Daniels also gives the Republican radio address in which he discusses the new Cap-and-Trade/Energy Tax bill that is heading to the Senate floor. 

Thursday, May 13, 2010

Daniels and Indiana Tell IBM to Eat the Bill

The state of Indiana entered into a $1.34 billion contract with IBM in which IBM was tasked with developing a system to provide welfare and social services to Indiana residents. IBM failed to deliver and it was reported today that IBM and Indiana are suing each other. IBM is claiming that they are owed money for work and equipment and Indiana (and this is news) said that they fired IBM for cause. In other words, this was not the state choosing to go a different direction, this was IBM failing to meet their commitments and being fired for  ineptitude. Under Indiana law, the state can collect triple damages (the state is suing for $437 million, so they could collect $1.3 billion).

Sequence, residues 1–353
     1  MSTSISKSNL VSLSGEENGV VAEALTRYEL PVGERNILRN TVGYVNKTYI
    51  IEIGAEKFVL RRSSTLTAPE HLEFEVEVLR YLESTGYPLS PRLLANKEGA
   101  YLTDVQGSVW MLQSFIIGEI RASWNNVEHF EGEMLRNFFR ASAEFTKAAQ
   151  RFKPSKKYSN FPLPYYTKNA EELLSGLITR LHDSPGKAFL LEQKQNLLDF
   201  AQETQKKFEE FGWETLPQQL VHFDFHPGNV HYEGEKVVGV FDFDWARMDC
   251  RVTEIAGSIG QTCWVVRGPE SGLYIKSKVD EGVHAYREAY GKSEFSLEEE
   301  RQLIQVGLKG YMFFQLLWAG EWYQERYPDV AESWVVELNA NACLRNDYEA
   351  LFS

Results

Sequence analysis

This will be an interesting case to watch develop --- how a pro-business governor is demanding that corporate America keep its commitments and be held accountable if they do not. A welcome change from the behaviors of most recent policymakers.

Coats: "Hard to Find Someone Better"; HC Law Saddles IN with $3.6B in Costs

In an interview on RealClearPolitics, Ex-Sen. (and current candidate) Dan Coats stated that it would be difficult for the GOP to "find someone better" than Daniels. Granted, the Governor has a 70% approval rating, Coats needs to make nice with IN GOPers and Daniels is a favored son. However, Coats points out the most important aspect of Daniels' record: in a region in which almost every bordering state is functionally bankrupt, Indiana is fiscally sound with a tax cap in place.